5. Alam M, Ratner D. Cutaneous squamous-cell carcinoma. N Engl J Med. 2001; 344(13):975–83. doi: 10.1056/NEJM200103293441306
  6. Green A, Williams G, Neale R, et al. Daily sunscreen application and betacarotene supplementation in prevention of basal-cell and squamous-cell carcinomas of the skin: a randomised controlled trial. Lancet. 1999; 354(9180):723–9. doi: 10.1016/S0140-6736(98)12168-2
  7. Stratigos A, Garbe C, Lebbe C, et al. Diagnosis and treatment of invasive squamous cell carcinoma of the skin: European consensus-based interdisciplinary guideline. Eur. J. Cancer. 2015; 51(14):1989–200. doi: 10.1016/j.ejca.2015.06.110
  8. Brougham ND, Dennett ER, Tan ST. Changing incidence of non-melanoma skin cancer in New Zealand. Aust N Z J Surg. 2011; 81(9):633–6.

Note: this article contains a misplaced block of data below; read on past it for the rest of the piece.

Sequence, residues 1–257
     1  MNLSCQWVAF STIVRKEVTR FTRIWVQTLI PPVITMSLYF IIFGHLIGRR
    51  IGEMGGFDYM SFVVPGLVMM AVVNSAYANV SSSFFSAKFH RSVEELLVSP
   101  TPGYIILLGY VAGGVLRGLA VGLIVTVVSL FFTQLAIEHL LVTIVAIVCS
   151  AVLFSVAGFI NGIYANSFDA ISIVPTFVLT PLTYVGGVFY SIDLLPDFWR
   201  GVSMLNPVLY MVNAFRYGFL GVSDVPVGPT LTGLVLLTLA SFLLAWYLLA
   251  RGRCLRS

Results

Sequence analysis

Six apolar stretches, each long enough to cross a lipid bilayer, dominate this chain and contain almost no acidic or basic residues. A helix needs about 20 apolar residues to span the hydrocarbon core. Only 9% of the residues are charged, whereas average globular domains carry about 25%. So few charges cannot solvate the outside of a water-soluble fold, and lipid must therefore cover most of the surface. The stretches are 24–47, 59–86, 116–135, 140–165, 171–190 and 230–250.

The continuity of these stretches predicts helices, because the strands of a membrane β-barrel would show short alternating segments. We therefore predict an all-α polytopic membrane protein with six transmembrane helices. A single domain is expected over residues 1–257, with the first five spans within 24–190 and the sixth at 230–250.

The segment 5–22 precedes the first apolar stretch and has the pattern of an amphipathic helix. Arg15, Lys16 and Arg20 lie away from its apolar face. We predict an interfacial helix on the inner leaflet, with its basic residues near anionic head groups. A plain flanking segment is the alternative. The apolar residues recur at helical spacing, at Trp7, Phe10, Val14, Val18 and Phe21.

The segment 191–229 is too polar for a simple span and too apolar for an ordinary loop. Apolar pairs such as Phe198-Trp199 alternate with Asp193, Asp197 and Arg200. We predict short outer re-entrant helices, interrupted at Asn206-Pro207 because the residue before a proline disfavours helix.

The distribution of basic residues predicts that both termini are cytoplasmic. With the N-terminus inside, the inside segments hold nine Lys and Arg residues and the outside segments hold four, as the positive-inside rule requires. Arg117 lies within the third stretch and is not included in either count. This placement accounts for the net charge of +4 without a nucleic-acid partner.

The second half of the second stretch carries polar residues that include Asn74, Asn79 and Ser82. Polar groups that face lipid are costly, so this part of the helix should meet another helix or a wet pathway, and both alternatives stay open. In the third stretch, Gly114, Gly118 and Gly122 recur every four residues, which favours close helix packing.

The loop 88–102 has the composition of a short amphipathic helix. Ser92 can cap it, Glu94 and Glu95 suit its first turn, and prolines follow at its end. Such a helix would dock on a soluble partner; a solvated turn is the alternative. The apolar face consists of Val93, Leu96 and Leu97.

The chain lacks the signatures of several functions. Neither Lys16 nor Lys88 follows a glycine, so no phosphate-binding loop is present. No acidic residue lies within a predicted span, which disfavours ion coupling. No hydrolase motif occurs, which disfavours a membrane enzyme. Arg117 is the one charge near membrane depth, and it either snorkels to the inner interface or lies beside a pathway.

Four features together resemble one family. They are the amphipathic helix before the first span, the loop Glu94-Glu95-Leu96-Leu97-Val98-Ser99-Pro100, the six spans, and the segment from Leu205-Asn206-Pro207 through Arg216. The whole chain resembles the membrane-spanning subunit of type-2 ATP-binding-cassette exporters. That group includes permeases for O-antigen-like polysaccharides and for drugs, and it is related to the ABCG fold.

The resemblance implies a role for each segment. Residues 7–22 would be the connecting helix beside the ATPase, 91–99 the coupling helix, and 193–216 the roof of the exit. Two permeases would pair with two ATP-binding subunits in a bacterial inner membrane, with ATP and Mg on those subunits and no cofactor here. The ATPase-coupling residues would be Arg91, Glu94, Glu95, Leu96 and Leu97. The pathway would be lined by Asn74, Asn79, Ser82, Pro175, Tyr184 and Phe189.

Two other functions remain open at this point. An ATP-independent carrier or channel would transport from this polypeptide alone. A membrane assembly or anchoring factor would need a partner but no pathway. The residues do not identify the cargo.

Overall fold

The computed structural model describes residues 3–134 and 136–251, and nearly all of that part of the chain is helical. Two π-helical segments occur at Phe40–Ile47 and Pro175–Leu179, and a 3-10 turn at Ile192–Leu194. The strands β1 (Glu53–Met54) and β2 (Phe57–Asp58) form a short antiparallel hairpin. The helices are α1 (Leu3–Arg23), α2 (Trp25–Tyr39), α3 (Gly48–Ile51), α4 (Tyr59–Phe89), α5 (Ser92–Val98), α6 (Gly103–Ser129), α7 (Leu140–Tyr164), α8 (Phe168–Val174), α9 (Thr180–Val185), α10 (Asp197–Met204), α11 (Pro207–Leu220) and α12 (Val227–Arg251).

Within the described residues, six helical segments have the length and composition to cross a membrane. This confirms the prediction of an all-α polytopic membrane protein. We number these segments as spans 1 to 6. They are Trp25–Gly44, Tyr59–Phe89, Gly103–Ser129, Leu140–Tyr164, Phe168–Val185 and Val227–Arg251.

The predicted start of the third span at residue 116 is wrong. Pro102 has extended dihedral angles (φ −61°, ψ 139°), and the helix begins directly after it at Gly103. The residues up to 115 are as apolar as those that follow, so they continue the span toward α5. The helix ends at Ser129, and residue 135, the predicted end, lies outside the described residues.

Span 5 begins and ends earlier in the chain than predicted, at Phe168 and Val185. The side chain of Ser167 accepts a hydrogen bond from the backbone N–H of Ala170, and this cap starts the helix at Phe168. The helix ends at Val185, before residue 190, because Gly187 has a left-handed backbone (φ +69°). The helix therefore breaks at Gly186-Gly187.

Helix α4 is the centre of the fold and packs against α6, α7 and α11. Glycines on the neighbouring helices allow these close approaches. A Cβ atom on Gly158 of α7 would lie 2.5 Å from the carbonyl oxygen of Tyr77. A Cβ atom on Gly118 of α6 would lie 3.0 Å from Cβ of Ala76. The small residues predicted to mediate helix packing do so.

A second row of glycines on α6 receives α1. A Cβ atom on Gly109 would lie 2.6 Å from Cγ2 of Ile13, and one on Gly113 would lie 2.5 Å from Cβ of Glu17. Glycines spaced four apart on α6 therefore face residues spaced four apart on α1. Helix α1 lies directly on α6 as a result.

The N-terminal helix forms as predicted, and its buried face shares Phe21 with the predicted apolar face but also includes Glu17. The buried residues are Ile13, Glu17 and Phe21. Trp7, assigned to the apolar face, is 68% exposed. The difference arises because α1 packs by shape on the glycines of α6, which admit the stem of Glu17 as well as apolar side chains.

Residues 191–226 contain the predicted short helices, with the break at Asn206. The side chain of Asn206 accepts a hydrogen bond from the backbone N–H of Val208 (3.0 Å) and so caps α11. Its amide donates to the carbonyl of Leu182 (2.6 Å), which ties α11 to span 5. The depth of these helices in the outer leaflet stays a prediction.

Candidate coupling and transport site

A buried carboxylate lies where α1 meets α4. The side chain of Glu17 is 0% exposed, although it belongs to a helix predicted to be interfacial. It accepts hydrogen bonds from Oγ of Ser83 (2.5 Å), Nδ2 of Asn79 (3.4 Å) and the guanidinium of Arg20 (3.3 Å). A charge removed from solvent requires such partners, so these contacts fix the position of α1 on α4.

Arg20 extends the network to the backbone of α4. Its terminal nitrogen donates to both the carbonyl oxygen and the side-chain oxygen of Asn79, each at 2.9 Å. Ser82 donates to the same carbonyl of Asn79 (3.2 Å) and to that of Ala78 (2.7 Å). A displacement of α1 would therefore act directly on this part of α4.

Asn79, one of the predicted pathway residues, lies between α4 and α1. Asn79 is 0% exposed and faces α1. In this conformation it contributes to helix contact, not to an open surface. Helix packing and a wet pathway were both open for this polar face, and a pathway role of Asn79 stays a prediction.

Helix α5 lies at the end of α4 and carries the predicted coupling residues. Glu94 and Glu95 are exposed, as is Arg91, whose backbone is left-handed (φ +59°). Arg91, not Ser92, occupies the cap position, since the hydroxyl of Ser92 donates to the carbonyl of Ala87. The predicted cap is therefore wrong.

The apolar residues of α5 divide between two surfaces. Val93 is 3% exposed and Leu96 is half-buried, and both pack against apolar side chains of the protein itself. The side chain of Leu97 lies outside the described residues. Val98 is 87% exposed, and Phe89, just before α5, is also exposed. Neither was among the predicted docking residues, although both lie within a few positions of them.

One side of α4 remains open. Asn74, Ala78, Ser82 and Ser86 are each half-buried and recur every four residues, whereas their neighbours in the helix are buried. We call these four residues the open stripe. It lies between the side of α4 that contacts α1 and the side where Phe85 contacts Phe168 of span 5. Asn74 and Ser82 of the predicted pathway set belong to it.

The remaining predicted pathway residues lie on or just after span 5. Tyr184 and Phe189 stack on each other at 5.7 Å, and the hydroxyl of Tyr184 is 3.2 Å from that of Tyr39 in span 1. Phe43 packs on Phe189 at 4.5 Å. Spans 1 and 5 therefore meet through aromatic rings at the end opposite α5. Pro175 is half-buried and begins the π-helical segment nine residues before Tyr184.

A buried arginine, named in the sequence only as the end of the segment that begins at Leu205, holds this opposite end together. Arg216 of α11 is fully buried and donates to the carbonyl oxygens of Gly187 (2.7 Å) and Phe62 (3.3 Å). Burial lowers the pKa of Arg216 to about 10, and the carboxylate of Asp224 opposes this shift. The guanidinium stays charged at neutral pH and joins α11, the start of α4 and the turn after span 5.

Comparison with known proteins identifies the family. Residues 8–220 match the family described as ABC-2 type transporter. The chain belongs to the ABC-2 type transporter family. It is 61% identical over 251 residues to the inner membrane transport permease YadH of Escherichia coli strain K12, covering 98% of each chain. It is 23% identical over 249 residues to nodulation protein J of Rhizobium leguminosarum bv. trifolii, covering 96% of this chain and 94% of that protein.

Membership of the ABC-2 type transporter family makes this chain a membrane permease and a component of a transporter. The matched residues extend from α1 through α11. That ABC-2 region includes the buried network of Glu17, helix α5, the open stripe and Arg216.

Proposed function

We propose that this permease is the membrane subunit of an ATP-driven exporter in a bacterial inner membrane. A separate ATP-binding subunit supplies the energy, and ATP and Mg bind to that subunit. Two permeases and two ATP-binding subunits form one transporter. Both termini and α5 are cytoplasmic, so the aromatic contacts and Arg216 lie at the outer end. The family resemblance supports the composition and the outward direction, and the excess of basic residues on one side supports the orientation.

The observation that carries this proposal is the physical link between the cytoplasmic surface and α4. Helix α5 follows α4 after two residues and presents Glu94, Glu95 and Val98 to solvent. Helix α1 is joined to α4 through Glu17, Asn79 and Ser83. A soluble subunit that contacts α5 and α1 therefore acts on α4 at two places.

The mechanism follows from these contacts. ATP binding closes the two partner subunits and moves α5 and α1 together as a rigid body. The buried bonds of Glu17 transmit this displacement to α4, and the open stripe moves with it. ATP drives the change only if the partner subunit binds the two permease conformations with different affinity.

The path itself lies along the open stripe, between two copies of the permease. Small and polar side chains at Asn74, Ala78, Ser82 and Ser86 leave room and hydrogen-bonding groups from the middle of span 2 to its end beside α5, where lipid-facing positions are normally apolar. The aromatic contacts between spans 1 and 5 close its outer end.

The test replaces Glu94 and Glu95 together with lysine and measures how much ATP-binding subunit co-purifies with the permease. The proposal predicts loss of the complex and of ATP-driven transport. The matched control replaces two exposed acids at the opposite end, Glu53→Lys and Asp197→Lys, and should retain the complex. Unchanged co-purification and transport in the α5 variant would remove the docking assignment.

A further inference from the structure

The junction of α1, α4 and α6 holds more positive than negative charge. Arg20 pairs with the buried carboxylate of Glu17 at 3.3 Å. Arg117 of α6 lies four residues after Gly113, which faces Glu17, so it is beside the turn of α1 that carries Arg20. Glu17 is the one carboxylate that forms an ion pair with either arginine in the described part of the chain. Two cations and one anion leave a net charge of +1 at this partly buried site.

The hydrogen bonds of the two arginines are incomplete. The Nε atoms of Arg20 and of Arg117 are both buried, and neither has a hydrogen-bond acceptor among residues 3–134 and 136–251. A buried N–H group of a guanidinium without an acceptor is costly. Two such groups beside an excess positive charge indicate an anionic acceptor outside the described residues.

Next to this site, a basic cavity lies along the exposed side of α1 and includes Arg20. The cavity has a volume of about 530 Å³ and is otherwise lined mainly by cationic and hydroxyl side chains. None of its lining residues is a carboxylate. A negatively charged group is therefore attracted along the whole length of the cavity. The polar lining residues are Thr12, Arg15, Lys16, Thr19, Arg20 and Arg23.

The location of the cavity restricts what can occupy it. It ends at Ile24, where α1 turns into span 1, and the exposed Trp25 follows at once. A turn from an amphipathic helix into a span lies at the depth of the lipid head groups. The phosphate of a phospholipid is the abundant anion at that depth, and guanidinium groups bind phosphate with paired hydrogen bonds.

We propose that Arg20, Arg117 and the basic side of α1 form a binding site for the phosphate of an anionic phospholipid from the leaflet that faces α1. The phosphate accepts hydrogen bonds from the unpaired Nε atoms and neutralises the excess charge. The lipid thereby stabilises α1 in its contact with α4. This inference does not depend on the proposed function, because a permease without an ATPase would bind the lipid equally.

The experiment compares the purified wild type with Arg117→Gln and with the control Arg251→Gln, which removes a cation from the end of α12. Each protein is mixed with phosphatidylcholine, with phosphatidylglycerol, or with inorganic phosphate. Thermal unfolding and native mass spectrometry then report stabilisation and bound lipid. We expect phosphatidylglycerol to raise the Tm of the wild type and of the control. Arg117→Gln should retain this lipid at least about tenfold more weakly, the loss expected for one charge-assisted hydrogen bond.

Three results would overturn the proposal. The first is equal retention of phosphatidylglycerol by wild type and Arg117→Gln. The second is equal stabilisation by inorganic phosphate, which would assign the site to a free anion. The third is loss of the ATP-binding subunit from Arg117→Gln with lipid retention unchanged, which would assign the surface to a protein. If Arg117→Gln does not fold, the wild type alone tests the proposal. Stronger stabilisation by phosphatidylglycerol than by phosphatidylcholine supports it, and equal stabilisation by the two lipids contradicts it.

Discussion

9. Karia PS, Han J, Schmults CD. Cutaneous squamous cell carcinoma: estimated incidence of disease, nodal metastasis, and deaths from disease in the United States, 2012. J Am Acad Dermatol. 2013; 68(6):957–66. doi: 10.1016/j.jaad.2012.11.037
  10. Staples M, Marks R, Giles G. Trends in the incidence of non-melanocytic skin cancer (NMSC) treated in Australia 1985–1995: are primary prevention programs starting to have an effect? Int. J. Cancer. 1998; 78(2):144–8.
  11. Demers AA, Nugent Z, Mihalcioiu C, et al. Trends of nonmelanoma skin cancer from 1960 through 2000 in a Canadian population. J Am Acad Dermatol. 2005; 53(2):320–8. doi: 10.1016/j.jaad.2005.03.043
  12. Holme SA, Malinovszky K, Roberts DL. Changing trends in non-melanoma skin cancer in South Wales, 1988–98. Br. J. Dermatol. 2000; 143(6):1224–9.
  13. Robsahm TE, Helsing P, Veierod MB. Cutaneous squamous cell carcinoma in Norway 1963-2011: increasing incidence and stable mortality. Cancer Med. 2015; 4(3):472–80. doi: 10.1002/cam4.404